How is Multiple Sclerosis diagnosed?
Due to the wide range of symptoms it causes- sometimes similar to other conditions- and the multiple ways in which they can present, Multiple Sclerosis (MS) may be difficult to diagnose. Therefore, several strategies need to be used by doctors to determine if a patient meets the criteria for an MS diagnosis and discard other conditions [1-2].
Multiple Sclerosis diagnosis is based on a clinical evaluation to fully document the symptoms (e.g. difficulty controlling the bladder, tingly sensations, double vision, etc.) and signs (e.g. hyperactive reflexes, incoordination, weakness of specific muscles, abnormal eye movements, etc.) of the disease .
MS diagnosis requires the presence of two distinct episodes of symptoms- lasting at least 24 hours and separated by one or more months- and two or more signs evident on the neurological examination and involving two or more separate parts of the brain and spinal cord [1-2].
If there are fewer than two abnormal signs on the neurologic exam, diagnostic tests can facilitate Multiple Sclerosis diagnosis. Mostly, no single test can definitely prove that a patient has MS after a first episode of symptoms or in the very early stages of the disease. Nevertheless, some tests that could help to diagnose the disease include [1-2]:
To rule out other conditions causing similar symptoms, such as AIDS or Lyme disease.
Magnetic resonance imaging (MRI)
A technique using a powerful magnetic field and radio waves to obtain cross-sectional images of the brain and spinal cord where small areas of inflammation and scarring in the brain, which occur in MS, could be detected.
It should be noted that, even though MRI scans can be helpful in MS diagnosing, they are not always conclusive, especially in the early stages of the disease. Therefore, they should always be considered together with the symptoms and physical evaluation.
Evoked potentials: test that measures the electrical response of the central nervous system (CNS) to a stimulus (e.g. checkerboard pattern of light and dark squares alternated on a television monitor for visual evoked potential, click sounds applied through earphones for brain stem auditory evoked potentials, etc.) using electrodes applied to the scalp. A slowing or abnormal pattern in the electrical impulses in certain nerves suggests a nerve malfunction probably due to myelin damage. In about 70-90% of patients clinically diagnosed with Multiple Sclerosis, these tests are abnormal. Evoked potentials often detect other abnormalities not apparent on neurological examination. Moreover, as these tests measure function within the brain or spinal cord, they complement the information about the brain structure provided by MRI.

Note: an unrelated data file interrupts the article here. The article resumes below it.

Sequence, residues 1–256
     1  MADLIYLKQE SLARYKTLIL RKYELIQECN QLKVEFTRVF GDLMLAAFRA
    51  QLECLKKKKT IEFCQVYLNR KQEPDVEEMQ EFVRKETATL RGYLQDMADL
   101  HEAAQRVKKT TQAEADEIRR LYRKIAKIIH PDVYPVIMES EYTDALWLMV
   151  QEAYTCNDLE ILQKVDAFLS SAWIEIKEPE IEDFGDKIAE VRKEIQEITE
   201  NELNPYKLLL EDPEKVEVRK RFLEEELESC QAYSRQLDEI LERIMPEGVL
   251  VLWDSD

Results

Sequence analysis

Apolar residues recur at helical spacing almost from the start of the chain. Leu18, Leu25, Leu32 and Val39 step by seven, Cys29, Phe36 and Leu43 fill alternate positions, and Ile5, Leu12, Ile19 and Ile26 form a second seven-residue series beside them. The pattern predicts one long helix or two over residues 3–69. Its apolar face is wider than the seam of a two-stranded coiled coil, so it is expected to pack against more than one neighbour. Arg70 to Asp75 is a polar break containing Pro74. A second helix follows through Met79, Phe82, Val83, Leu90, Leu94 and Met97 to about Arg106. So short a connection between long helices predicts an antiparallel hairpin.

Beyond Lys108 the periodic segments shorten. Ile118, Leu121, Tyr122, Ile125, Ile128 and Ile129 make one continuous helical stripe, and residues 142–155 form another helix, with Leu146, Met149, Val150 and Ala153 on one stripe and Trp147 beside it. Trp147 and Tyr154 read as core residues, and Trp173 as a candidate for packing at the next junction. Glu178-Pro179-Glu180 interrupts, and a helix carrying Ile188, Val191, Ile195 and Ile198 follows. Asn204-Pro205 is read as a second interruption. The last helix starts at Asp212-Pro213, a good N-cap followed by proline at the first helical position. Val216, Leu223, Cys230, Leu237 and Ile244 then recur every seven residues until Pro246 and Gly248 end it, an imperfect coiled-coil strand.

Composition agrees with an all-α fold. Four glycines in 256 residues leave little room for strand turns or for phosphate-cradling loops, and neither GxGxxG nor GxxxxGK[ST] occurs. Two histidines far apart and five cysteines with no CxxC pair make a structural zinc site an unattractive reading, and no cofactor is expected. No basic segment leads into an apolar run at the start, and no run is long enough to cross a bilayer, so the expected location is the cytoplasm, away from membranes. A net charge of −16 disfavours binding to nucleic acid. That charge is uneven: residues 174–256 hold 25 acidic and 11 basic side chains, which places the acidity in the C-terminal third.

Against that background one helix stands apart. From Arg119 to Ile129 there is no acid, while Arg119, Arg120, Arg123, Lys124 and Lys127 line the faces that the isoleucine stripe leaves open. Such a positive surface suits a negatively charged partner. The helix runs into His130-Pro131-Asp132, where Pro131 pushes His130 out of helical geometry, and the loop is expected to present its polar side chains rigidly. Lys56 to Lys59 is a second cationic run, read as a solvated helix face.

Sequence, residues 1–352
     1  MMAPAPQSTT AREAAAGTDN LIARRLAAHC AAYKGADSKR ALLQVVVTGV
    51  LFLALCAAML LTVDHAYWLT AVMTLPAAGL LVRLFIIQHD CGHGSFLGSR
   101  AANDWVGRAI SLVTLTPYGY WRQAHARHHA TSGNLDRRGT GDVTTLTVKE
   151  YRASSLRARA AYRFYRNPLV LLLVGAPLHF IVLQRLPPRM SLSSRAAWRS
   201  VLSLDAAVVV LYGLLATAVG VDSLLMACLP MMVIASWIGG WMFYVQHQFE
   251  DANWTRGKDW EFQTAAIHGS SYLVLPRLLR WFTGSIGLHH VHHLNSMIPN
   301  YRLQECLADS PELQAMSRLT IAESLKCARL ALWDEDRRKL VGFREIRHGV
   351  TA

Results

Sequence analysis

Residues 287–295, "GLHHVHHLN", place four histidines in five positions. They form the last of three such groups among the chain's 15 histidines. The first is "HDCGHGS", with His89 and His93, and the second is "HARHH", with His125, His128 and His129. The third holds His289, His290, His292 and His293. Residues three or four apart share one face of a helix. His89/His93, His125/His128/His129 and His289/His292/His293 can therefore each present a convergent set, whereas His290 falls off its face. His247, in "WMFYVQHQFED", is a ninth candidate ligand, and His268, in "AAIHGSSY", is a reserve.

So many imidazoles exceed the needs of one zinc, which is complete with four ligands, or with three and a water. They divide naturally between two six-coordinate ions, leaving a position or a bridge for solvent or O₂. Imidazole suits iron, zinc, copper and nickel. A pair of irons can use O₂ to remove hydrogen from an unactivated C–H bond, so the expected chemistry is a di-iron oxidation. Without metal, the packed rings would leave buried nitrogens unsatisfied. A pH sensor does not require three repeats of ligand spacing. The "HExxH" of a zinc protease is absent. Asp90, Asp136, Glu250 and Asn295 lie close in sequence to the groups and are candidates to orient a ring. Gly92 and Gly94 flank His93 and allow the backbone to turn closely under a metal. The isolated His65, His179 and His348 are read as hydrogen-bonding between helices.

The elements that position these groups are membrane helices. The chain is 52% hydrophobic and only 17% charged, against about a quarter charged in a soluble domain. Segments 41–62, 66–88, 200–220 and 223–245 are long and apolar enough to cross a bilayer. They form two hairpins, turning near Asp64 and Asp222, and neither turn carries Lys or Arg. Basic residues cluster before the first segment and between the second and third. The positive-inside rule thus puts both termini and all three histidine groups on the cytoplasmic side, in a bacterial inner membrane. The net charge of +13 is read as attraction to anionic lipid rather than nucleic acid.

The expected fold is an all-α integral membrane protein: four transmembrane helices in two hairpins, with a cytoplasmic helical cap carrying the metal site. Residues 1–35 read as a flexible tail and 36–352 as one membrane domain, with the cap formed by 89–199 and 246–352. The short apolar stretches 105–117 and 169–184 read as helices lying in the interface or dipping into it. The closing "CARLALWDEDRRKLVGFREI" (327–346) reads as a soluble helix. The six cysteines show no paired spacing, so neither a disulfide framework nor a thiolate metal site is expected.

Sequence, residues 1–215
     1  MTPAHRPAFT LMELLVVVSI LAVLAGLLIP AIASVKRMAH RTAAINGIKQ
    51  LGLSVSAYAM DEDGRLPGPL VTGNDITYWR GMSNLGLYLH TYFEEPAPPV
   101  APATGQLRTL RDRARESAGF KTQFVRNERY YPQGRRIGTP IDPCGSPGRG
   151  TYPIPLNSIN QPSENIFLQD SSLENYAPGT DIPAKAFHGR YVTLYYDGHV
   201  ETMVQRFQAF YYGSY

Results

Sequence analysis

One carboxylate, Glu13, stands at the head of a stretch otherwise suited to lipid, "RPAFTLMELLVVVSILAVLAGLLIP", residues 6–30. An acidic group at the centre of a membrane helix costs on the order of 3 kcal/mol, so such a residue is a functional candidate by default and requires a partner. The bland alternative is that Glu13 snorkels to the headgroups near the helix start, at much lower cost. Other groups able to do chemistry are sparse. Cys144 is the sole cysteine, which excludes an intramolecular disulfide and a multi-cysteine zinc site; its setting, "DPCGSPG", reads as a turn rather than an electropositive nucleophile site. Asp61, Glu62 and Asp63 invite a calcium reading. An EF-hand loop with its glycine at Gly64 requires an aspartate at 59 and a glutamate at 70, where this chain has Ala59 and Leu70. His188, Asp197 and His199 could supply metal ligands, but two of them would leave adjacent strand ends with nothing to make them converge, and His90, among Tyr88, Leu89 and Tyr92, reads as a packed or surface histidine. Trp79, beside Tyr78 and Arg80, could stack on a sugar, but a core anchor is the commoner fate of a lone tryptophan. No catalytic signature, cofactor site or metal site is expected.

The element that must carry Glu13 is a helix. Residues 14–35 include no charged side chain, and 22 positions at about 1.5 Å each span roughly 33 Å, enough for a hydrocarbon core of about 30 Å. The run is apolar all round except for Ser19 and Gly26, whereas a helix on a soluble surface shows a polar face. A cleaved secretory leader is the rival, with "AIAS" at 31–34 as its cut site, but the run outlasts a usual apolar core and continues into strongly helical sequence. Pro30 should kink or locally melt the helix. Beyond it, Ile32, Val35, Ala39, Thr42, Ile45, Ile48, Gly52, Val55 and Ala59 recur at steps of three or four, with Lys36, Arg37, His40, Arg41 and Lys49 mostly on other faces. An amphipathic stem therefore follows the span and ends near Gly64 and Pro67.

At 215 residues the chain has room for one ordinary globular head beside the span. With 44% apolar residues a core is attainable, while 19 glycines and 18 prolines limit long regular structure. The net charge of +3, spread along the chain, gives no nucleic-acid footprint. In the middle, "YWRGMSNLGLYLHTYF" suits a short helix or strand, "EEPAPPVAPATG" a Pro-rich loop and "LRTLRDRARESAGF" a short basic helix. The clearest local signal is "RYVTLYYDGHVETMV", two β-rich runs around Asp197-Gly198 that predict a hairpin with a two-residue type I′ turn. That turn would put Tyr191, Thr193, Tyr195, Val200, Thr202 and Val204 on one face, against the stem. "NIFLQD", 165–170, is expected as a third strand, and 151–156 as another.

Lumbar puncture: analysis of a sample of cerebrospinal fluid (CSF, liquid that cushions the brain and spinal cord) to evaluate abnormalities occurring in patients with MS. CSF is removed by inserting a needle, under local anesthetic, into the lower part of the back. These CSF alterations, detected in 80-90% of MS patients, include an increase in the number of cells and proteins of the immune system (immunoglobulins), suggesting an inflammation or an intense immune response. This test is useful to diagnose patients experiencing a slowly progressive decline in function with no exacerbation (i.e. patients with primary progressive MS) in absence of abnormalities on the brain MRI scans. Evaluation of the spinal fluid may also help to exclude infections difficult to distinguish from Multiple Sclerosis.
1. In: http://www.nationalmssociety.org/What-is-MS. Accessed 25/01/2017.
2. Rolak LA. Multiple Sclerosis: It’s Not The Disease You Thought It Was. Clin Med Res. 2003; 1(1): 57-60.